Living with Bell's Palsy: What I Have Learned So Far

Day 3 with Bell's Palsy. So how's it going?

(Recap: While visiting my daughter 400 miles from home...to care for her during her recovery from a broken foot...and after a couple of days with deadened taste buds, I awoke on Sunday with a numb sensation on my lip and the top of my tongue. I became paralyzed on the left side of my face rather rapidly, and by late afternoon, I gave all appearances of having suffered a stroke. With fear and trepidation, I went to Immediate Care where I received a diagnosis of Bell's Palsy...and prescriptions for a 15-day supply of a corticosteroid called prednisone and an antiviral called acyclovir. The doctor told me that this could last 15 days...a month...or the rest of my life. With that in mind, I will be posting periodic updates on my latest er, adventure.)

Let me begin with the bright spots...before I forget that there are any. Having the left side of one's face paralyzed may be the pits, but there are worse things that could befall one. Here is my list of bright spots as of today:

1. Bell's Palsy isn't cancer. It isn't life-threatening. It isn't even terribly painful (unless you count the headaches or the stinging dry-eye issues...minor annoyances).
2. I haven't lost a body part (even if it feels like I have lost an eye...more on that in a minute).
3. I have a terrific support system: spouse, daughter, brothers, friends, and medical professionals. Counting my blessings helps me face the uncertainty with a positive outlook.
4. I can use my experiences to inform others who are facing this same issue. (If you found this post looking for some answers about your own battle with Bell'm Palsy, I hope I can be of some assistance. Leave me a comment or send me an email. PANIC YE NOT! You are not in this alone.)
5. I can adapt as needed, given enough information...and time.

Adaptations? So, what are we talking about here?

Can't drink from a cup without dribbling because the left side of your lips are numb? Use a straw. Granted, sipping hot coffee from a mug through a plastic straw, held on the right side of your mouth is odd, but it is doable.

Affected eye waters constantly, then dries out when even a little air blows in your direction, creating a painful, stinging sensation? Use artificial tears...a lot. Get an eyepatch. If you run into me around town, you can just call me Cap'n Pat! Arrrggghhh!! (This one has some consequences for me. My affected eye is the left one...which prior to Bell's was known as my "good" eye, because my right eye has a developing cataract.)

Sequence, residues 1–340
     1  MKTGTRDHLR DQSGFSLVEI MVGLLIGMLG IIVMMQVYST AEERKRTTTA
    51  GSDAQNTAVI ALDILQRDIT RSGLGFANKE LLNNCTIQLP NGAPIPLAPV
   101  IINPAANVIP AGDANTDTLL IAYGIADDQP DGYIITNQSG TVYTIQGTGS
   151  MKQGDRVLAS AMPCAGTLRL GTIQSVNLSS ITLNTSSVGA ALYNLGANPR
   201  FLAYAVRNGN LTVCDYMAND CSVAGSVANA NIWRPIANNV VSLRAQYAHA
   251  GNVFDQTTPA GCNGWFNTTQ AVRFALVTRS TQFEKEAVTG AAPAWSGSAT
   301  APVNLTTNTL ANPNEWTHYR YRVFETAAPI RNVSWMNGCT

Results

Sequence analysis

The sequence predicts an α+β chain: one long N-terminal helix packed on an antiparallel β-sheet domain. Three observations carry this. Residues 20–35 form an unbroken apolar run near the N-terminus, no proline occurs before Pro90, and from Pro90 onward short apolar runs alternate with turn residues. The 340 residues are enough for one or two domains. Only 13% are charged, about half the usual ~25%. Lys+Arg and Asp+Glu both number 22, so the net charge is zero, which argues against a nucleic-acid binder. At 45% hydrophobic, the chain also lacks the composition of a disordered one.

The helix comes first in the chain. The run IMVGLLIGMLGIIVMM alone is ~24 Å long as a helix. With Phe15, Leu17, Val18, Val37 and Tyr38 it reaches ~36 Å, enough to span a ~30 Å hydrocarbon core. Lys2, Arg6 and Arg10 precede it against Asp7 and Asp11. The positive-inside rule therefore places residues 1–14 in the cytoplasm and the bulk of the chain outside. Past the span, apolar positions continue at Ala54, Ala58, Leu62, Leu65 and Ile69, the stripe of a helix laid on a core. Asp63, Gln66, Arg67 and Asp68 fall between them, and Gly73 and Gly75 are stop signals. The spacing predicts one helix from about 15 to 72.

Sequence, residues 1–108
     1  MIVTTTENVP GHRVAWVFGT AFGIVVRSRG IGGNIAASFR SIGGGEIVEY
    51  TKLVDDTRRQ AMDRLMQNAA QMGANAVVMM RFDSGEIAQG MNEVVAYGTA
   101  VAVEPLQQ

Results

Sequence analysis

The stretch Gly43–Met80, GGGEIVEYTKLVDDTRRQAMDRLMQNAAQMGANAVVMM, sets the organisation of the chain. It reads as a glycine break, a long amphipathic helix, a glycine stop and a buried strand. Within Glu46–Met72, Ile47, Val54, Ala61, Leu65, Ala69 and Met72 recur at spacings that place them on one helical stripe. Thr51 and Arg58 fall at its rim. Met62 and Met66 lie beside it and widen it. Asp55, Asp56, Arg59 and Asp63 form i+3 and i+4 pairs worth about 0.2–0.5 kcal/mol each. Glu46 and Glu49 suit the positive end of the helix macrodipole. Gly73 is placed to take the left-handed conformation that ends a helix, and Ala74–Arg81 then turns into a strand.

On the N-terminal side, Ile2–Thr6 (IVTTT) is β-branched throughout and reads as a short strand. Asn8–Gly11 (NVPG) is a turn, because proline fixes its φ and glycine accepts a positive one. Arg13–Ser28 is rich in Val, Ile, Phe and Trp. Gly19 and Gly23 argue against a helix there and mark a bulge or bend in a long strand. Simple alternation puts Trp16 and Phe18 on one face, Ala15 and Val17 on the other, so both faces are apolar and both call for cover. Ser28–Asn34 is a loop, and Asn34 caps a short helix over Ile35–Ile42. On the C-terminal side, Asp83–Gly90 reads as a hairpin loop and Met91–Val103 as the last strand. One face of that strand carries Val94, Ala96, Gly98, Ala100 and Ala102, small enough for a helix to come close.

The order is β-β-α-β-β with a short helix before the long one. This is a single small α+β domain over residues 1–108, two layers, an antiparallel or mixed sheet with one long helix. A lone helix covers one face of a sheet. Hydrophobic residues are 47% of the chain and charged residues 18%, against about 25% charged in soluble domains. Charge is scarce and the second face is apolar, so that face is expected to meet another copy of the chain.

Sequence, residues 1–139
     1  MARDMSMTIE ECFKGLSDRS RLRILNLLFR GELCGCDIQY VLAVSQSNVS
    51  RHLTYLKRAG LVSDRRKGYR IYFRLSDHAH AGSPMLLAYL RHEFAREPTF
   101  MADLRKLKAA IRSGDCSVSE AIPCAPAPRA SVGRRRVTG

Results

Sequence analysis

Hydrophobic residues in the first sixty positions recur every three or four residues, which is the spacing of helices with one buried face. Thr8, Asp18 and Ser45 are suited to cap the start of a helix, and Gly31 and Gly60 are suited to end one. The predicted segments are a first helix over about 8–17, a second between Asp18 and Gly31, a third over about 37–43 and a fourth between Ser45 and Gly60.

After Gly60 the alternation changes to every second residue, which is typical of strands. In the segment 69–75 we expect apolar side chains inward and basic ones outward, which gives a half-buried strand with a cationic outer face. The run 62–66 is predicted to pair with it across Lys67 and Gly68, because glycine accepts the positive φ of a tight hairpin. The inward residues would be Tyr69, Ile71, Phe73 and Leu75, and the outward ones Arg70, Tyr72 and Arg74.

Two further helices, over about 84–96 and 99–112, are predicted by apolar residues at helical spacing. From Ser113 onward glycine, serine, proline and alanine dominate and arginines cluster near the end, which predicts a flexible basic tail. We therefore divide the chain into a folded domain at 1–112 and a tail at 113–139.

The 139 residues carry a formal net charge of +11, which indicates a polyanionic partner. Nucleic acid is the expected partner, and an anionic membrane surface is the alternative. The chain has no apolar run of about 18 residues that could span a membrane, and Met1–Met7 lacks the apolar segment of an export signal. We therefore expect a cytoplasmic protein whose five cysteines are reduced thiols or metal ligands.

Difficulty eating, chewing, swallowing? Pick soft foods and take very small bites. And, if I have to live on scrambled eggs, macaroni and cheese, Palmetto Cheese sandwiches ripped into teensy bites, grapes and tiny watermelon chunks, and milk shakes for the duration...well, worse things have happened.

Difficulty speaking and making yourself understood? Talking taking such an effort that your jaw aches and your head hurts from the stress and strain? Don't talk. [This one is possibly the toughest one for me to manage. I try to limit my talking, but since I was "vaccinated with a phonograph needle" (as I was told as a child...back in the last century when we actually HAD phonograph needles...:), I pay the price for this one.]

Sounds, especially the dogs barking, are so intensified as to be painful? Use ear protection. Cotton balls are handy, easy to carry, and give some protection. If it gets too painful, switch to ear plugs.

Since my mouth has relaxed a bit, making it a little easier to understand me, especially if I speak slowly when pronouncing words with P, F, B, and S sounds, I spoke with my NC doctor's nurse this morning. I told her what was happening with me and what the Immediate Care doctors here in KY had said. I just needed some reassurance and a bit more information about HOW LONG, since that seems to be the hardest thing for me to wrap my head around now.

She was very supportive of the treatment I had received here, saying that's what Dr. K would have done, too. She encouraged me to use an eyepatch as much as possible. She OK'd the use of aspirin for the head aches. Continue facial massages with the warm washcloths. And, she backed up the "open-ended" recovery period, saying that "most" patients recover "most" of their nerve functions between 1 and 3 months. She did add that it may take a year "or more" to get back to normal.

Back to normal. Hmmm. Or, as a friend wrote me, back to my "new normal." As in, I may have to redefine "normal" by whatever state I find myself when all this is behind me.

So what have I learned so far? That I need to follow drs orders. Take my meds. Use aids for comfort like the warm washcloth massages, eyedrops, eyepatch, and hearing protection. Rest. And be flexible and open to recovery when, where, and how it happens.

Flexible? Sure! Just call me Gumby. Make that Cap'n Gumby! Arrrggghhh!!


Comments

Estelle's said…
You constantly amaze me....you are so blessed with the most fantastic sense of humor which you let shine in the most difficult of situations! You are an inspiration to so many Miss Patricia! Love and hugs to you and I pray you are back to your sweet, healthy self very soon!!

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